Are you a chaser or a camper? Chasers tend to ride the zone in, this means they only have enemies in front, mostly, but run the risk of being caught out by the circle or in a gunfight as the circle closes in around them. Campers will find the middle of the circle and keep moving to save locations within the circle. This may mean you avoid contact with players until the final moments of the game however, you could have enemies from all directions. Either way you will need to pay attention to the sounds around you, these indicate where the remaining players are, you can either engage to finish them off or avoid very skillfully.

Looting is the grind, find that gear, keep your eyes peeled and noise to a minimum. Keep doors to buildings closed behind you, move systematically between buildings making sure you do not miss a room. Loot spawns randomly to some degree, you may think of ignoring that shed out back, it only ever has rubbish in it, you just missed a LVL 3 vest. When looting quickly learn to tab loot. It is much much faster to drag and drop into your inventory than to press F on every item on the floor, especially if you are after 1 item amongst 7 other items. When dropping with multiple enemies, on roof of school or military buildings, the fastest looter will generally win.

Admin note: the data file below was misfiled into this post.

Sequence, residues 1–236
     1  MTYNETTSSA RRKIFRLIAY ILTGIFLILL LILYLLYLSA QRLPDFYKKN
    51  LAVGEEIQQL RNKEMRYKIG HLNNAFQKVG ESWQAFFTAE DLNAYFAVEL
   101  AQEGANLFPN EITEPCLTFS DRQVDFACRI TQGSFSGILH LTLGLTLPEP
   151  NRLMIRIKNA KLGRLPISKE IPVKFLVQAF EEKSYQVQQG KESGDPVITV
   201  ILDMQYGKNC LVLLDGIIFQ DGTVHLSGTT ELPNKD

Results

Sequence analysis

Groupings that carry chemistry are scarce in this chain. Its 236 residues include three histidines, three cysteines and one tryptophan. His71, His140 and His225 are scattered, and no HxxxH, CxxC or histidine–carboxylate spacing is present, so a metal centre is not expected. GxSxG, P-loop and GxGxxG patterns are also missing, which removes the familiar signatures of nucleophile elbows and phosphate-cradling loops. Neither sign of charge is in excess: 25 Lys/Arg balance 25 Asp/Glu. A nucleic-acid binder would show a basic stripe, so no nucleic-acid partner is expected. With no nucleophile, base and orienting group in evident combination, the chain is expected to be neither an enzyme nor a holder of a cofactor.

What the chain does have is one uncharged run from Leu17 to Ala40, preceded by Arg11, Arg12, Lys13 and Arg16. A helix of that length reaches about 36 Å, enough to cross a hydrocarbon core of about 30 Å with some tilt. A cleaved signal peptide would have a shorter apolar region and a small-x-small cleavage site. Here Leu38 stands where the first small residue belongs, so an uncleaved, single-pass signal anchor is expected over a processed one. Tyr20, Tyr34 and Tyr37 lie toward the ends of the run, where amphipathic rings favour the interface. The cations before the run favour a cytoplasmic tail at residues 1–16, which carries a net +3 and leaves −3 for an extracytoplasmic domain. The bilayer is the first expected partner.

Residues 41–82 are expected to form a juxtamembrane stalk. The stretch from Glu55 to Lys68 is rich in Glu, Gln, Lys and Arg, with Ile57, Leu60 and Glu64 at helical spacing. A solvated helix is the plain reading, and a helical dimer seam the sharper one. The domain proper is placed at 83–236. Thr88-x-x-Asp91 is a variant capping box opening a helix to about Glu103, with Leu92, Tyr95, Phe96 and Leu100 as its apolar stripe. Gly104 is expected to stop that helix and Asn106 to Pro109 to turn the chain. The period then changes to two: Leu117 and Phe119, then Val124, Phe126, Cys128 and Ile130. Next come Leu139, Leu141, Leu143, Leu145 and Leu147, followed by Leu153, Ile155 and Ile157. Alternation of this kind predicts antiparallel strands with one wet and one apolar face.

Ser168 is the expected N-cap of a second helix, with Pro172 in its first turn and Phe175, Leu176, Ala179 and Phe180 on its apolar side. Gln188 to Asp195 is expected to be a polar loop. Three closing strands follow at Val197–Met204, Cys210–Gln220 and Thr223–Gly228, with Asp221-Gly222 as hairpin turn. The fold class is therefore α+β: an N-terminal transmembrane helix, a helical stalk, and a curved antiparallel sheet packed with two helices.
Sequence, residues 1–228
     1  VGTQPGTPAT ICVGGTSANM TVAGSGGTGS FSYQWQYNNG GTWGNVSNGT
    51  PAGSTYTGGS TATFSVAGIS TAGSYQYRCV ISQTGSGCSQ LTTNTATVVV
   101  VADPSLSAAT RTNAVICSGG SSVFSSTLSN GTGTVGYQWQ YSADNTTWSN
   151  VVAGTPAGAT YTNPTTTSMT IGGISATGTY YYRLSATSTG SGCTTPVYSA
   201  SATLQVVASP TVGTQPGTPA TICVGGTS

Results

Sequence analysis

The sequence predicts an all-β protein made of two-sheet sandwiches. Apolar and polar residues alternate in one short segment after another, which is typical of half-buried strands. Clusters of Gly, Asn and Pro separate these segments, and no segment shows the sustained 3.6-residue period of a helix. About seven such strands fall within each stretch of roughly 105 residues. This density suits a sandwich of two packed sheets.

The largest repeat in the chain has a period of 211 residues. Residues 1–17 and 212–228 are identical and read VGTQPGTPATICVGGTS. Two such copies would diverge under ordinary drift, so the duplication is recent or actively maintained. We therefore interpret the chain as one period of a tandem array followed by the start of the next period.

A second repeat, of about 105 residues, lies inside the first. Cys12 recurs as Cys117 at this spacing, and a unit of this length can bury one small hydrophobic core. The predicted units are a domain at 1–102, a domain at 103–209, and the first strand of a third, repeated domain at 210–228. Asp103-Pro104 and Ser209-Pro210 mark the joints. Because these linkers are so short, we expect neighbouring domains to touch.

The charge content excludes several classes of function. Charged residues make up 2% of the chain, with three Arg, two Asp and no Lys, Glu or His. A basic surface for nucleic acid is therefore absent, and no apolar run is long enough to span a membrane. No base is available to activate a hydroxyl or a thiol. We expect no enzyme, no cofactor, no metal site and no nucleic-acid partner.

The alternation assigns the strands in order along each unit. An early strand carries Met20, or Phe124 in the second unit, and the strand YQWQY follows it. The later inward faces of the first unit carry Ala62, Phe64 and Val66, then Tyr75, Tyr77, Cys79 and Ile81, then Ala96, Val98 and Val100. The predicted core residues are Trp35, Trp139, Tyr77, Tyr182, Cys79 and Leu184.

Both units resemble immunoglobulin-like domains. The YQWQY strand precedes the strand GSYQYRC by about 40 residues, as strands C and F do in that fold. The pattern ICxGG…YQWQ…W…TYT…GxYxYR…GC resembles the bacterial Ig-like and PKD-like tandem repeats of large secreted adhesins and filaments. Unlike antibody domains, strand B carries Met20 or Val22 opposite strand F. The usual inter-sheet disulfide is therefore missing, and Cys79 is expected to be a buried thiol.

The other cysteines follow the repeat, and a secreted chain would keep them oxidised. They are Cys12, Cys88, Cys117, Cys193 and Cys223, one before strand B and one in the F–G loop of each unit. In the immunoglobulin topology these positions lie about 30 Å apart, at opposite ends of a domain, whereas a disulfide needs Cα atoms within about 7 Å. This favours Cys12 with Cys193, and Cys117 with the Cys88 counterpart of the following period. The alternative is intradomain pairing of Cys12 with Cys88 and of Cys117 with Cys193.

A glance at the three-and-a-half decade history of video game movie adaptations and arcade-inspired films reveals a landscape littered with disappointment. Most game films range somewhere between merely meh and obnoxiously odious. The most recent misfire, Pixels, garnered a 4.5 rating from IGN. But sprinkled amidst the masses of mediocrity and canyons of crap are a few films that are positively enjoyable. Next time you’re looking for an entertaining movie, check out these seven recommended diversions totally worth your time.